Starting from July 22 with Pikmin 3 on Wii U, we here at VideoGamer.com are going to be making some substantial changes to our reviews.
Instead of bombarding you with a wall of text - which has become the industry norm - we've decided to shorten verdicts to around 300 words.
There are many reasons for this change, the major one being that when it comes to reviews, many people just want to know a simple thing: is the game good or not. Hurling thousands of words at you feels like a hangover from the days of magazines and as times change - and as online and mobile continue to shake up how we all consume our media - we feel it's time to move with them. If nothing else we're sure you feel the review format is replicated across nearly every site you look at.
We want to try and offer something different, but that doesn't mean we're about to reduce the amount of content we write about a game. While all reviews will remain concise and to the point - meaning you can find out whether it's worth your time in the quickest and most succinct way possible - VideoGamer.com is going to increase the quantity of articles related to each game, which will go up at the same time as the review. These will focus on elements we believe need to be talked about or highlighted in order to have a true appreciation, or the opposite, for the game in question.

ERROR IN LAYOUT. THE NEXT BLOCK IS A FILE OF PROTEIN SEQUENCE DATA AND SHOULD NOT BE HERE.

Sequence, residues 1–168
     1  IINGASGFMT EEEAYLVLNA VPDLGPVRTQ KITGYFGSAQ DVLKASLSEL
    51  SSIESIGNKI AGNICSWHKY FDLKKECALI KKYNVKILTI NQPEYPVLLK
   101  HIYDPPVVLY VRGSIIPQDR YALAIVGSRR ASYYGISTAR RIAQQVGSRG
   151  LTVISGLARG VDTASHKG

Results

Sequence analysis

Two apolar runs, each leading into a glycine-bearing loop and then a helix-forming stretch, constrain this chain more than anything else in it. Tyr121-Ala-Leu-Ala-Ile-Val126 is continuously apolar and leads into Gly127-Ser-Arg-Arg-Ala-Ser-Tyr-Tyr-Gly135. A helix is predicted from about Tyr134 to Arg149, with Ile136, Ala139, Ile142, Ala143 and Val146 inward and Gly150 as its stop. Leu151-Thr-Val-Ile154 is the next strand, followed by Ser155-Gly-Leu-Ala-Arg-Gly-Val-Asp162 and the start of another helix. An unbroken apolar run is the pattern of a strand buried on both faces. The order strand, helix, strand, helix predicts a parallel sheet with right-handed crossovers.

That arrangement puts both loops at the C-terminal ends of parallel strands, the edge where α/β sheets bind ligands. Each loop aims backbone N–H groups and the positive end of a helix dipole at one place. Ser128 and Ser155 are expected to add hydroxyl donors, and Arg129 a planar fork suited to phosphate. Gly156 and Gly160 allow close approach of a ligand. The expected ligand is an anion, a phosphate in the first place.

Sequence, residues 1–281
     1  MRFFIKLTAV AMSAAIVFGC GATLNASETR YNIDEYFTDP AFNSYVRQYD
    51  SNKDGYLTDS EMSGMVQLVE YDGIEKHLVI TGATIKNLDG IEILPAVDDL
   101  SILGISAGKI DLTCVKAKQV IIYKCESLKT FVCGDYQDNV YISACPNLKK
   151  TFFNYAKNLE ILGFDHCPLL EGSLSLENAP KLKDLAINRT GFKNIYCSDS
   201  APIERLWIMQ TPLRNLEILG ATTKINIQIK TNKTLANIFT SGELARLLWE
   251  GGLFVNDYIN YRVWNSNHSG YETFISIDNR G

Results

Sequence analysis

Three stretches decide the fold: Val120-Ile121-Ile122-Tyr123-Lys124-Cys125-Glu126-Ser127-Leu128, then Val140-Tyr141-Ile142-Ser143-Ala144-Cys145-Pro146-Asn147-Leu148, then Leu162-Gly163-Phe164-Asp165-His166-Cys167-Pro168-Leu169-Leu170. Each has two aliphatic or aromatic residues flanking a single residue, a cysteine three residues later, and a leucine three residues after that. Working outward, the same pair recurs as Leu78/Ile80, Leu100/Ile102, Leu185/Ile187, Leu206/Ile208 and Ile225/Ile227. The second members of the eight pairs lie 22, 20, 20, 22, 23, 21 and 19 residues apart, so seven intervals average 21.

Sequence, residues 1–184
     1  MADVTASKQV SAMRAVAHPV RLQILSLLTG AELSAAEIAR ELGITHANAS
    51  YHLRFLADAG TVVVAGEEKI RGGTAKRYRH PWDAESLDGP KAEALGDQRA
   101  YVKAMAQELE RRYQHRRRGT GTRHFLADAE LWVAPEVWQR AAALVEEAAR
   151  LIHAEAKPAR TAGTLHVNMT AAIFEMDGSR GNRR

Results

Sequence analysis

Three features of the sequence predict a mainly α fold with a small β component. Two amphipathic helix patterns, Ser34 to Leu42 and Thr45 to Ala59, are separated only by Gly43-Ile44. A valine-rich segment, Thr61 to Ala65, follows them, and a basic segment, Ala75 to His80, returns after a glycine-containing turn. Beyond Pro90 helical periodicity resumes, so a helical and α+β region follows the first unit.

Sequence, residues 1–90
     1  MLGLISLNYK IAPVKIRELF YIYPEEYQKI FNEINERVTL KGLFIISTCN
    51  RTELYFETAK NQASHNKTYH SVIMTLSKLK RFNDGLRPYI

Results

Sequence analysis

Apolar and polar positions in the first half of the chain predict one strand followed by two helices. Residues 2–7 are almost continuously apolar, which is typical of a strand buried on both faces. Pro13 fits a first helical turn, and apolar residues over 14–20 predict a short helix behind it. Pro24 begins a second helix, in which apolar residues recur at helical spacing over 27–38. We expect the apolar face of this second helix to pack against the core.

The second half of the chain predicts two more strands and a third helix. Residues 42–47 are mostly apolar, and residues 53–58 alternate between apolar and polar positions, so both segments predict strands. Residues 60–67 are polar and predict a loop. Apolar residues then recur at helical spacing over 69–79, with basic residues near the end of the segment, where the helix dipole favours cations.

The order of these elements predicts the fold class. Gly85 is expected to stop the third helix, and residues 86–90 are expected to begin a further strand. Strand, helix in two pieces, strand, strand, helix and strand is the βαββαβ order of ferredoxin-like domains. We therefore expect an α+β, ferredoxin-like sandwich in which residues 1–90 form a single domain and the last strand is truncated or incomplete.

Links to these pieces will be at the foot of most reviews, although if something doesn't need any further justification or thought we won't do it just for the sake of it. This gives you the option to learn more about a game's specifics, or how certain aspects of it may affect the industry as a whole, without having to wade through multiple paragraphs to find the information you're looking for. This may take the form of a written article, a video (which may also be the main review itself), a podcast or even variations of all three, the end result always being that you can digest tailored information that you want to, not that you feel you have to.
A review, as many used to believe, is no longer the full stop that ends the discussion. Now they start it, an idea which can been seen recently with the likes of The Last of Us, be that the opening, ending or the many themes Naughty Dog introduced throughout.
By cutting the filler and still giving you our honest opinion on a game - which we categorically will - we can then build out on the elements we believe are good, bad, or that must be talked about, regardless what they may be. For us, that's a lot better, and far more useful, than simply stating 'The ending is good - 8/10' but never explaining what impact that has on the game or what it means in the wider scheme of things.
We think it'll help. We hope you do too.
If you've scrolled to the bottom of this article, though, here's a video that explains it all: